Last week, Facebook director Reed Hastings funneled some of the wealth he's created as CEO of Netflix (Nasdaq: NFLX ) into buying Facebook shares. According to SEC filings, Hastings acquired nearly 48,000 shares last week at a weighted average price of $21, which adds up to a cool $1 million.
The form also states that Hastings' total Facebook ownership now is equal to the new addition, which makes me wonder why his 20,000 shares of restricted Facebook stock don't show up here. At least 25% of those shares, which were granted when Hastings joined the board, vested in July. Counting the entire batch of restricted shares as current holdings, Hastings now has about $1.5 million of skin in the Facebook game.
This is clearly not the core of Hastings' portfolio. His shares in Netflix are currently worth $62 million, and he also owns $5.4 million of Microsoft (Nasdaq: MSFT ) , where he also serves on the board of directors. The Facebook buy mirrors his early activity at Microsoft, but on a smaller scale: Within the first 15 months of that board appointment, Hastings bought $5 million of Mr. Softy's stock. He has neither added to nor sold from that position since then.
Does this buy mean anything at all?
It's always nice to see insiders like executives and directors betting their own money on a company's success. If people with a direct view into Facebook's operations think it's worth an investment, you'd think the stock would be poised to pop. This is supposed to be a very shareholder-friendly use of company cash.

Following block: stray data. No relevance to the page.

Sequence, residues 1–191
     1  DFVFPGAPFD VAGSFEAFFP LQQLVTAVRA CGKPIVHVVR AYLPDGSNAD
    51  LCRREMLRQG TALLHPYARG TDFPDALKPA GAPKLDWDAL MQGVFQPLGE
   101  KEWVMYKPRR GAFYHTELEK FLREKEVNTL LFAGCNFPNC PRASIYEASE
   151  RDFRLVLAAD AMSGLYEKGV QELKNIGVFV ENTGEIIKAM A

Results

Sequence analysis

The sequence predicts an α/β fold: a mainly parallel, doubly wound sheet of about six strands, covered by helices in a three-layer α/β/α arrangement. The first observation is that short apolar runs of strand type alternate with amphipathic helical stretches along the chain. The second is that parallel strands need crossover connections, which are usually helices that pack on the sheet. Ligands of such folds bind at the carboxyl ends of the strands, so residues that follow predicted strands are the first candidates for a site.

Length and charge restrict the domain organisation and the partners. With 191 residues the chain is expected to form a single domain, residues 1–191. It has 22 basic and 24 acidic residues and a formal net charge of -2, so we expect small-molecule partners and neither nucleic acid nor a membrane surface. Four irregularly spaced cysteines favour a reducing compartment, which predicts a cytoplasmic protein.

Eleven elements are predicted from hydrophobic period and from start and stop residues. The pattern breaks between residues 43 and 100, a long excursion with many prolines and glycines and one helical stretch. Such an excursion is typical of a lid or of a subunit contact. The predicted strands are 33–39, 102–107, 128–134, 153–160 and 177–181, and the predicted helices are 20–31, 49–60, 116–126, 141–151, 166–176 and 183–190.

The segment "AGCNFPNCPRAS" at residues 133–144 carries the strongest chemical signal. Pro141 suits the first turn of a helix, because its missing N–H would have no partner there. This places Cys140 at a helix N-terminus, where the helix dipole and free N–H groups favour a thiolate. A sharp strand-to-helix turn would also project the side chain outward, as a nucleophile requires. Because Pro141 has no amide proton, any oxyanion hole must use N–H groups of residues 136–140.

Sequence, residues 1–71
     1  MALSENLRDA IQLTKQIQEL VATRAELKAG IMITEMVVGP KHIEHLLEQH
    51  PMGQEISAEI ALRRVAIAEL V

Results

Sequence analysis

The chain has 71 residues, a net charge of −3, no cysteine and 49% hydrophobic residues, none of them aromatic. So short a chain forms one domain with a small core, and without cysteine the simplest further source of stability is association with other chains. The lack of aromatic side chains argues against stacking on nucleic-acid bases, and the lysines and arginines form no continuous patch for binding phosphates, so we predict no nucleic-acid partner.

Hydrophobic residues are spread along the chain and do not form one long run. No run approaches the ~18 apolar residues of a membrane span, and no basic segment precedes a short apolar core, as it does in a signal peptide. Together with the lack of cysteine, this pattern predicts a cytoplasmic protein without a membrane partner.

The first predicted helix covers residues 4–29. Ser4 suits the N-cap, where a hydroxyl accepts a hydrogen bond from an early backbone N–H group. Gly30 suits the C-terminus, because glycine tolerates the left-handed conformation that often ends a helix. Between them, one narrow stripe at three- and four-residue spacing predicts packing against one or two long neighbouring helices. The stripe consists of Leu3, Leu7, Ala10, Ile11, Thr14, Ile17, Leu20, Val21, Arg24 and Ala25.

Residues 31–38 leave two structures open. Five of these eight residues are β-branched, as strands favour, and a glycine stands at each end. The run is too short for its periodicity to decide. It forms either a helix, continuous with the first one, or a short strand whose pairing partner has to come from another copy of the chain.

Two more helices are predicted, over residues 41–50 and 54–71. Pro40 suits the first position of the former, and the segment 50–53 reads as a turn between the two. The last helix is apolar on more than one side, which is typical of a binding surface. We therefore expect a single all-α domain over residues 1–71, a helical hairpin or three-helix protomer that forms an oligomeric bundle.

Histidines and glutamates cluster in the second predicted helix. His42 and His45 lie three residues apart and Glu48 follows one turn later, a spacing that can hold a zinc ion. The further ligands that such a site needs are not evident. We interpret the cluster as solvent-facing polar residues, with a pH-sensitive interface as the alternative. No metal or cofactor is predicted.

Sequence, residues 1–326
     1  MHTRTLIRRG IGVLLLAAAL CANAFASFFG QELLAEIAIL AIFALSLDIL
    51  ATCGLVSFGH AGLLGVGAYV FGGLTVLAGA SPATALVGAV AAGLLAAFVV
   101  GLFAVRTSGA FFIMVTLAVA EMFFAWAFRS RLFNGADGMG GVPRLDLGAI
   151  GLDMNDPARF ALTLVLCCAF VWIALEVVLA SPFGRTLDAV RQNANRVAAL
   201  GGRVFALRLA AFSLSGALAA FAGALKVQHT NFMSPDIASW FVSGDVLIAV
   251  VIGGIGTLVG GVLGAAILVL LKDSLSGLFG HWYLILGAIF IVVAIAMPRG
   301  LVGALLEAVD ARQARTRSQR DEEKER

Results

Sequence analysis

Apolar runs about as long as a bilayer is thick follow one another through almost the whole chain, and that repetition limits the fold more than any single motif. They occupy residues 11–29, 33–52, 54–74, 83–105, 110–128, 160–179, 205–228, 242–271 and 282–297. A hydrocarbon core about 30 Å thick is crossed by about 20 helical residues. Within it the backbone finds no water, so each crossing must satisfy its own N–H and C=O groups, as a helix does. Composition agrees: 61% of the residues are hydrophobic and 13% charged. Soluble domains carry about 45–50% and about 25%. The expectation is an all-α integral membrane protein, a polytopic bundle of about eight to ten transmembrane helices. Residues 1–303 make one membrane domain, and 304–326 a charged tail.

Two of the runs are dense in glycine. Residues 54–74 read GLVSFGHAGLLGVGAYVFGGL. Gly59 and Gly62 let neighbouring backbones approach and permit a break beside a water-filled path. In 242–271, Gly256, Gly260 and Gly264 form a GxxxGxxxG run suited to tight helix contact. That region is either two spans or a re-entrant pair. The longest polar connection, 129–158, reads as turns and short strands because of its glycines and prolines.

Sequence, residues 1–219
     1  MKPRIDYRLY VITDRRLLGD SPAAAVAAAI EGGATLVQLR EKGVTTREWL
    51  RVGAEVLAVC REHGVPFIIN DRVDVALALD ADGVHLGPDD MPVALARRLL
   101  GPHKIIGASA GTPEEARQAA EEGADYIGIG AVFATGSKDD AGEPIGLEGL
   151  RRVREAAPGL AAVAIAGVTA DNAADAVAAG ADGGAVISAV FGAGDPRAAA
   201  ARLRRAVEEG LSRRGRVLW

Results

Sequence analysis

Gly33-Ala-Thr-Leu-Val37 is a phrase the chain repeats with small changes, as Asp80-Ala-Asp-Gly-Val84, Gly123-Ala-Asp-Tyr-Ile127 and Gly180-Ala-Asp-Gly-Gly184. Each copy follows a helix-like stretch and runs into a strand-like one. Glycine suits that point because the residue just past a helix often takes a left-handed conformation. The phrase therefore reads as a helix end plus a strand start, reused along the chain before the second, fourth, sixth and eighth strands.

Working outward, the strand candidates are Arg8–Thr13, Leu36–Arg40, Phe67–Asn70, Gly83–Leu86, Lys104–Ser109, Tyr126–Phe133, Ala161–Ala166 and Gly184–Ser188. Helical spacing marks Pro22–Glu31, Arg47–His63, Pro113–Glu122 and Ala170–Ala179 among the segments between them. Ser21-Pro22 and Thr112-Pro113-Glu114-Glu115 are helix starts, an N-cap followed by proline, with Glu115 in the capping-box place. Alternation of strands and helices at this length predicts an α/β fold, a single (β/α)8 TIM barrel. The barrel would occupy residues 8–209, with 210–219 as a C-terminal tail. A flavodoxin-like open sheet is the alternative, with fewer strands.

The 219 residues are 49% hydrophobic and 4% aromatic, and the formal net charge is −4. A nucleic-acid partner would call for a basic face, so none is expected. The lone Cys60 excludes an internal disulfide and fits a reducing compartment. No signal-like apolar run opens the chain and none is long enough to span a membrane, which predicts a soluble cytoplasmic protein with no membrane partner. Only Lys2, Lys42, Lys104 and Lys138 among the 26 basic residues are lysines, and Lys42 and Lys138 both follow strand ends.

On the other hand, many companies simply waste money on buybacks. Hastings is a brilliant business leader but not such a genius when it comes to investing. One of his worst moves at Netflix was to authorize share buybacks at high valuations and then flood the market with low-cost shares when he needed that cash back.
And his bet on Microsoft hasn't exactly paid off in spades, either. Dow component Microsoft's share price has run neck-and-neck with the Dow Jones Industrial Average (INDEX: ^DJI ) since Hastings bought his shares -- except that a Dow fund would have beaten Redmond's finest by about 3% of superior dividends.
In other words, Hastings' market moves are not exactly the gold standard of investment advice. I still believe that Facebook is too expensive at today's $22 per share, and that the underlying business may have peaked already. My dim view of Facebook's future is unmoved by Reed Hastings' seal of approval or sea lion of enthusiasm.
What's a Fool to do?
The only way to turn my frown upside down is to restart Facebook's stalled growth engines and improve the anemic monetization of its torrential online traffic. One or the other isn't enough, and doing both will be very difficult -- especially with a green management team under Zuckerberg's dictatorial thumb. I recently canceled my thumbs-down CAPScall on this stock just to lock in some drastic short-term points, but the bearish rating is back again. There just isn't any substance behind Facebook's flashy face.
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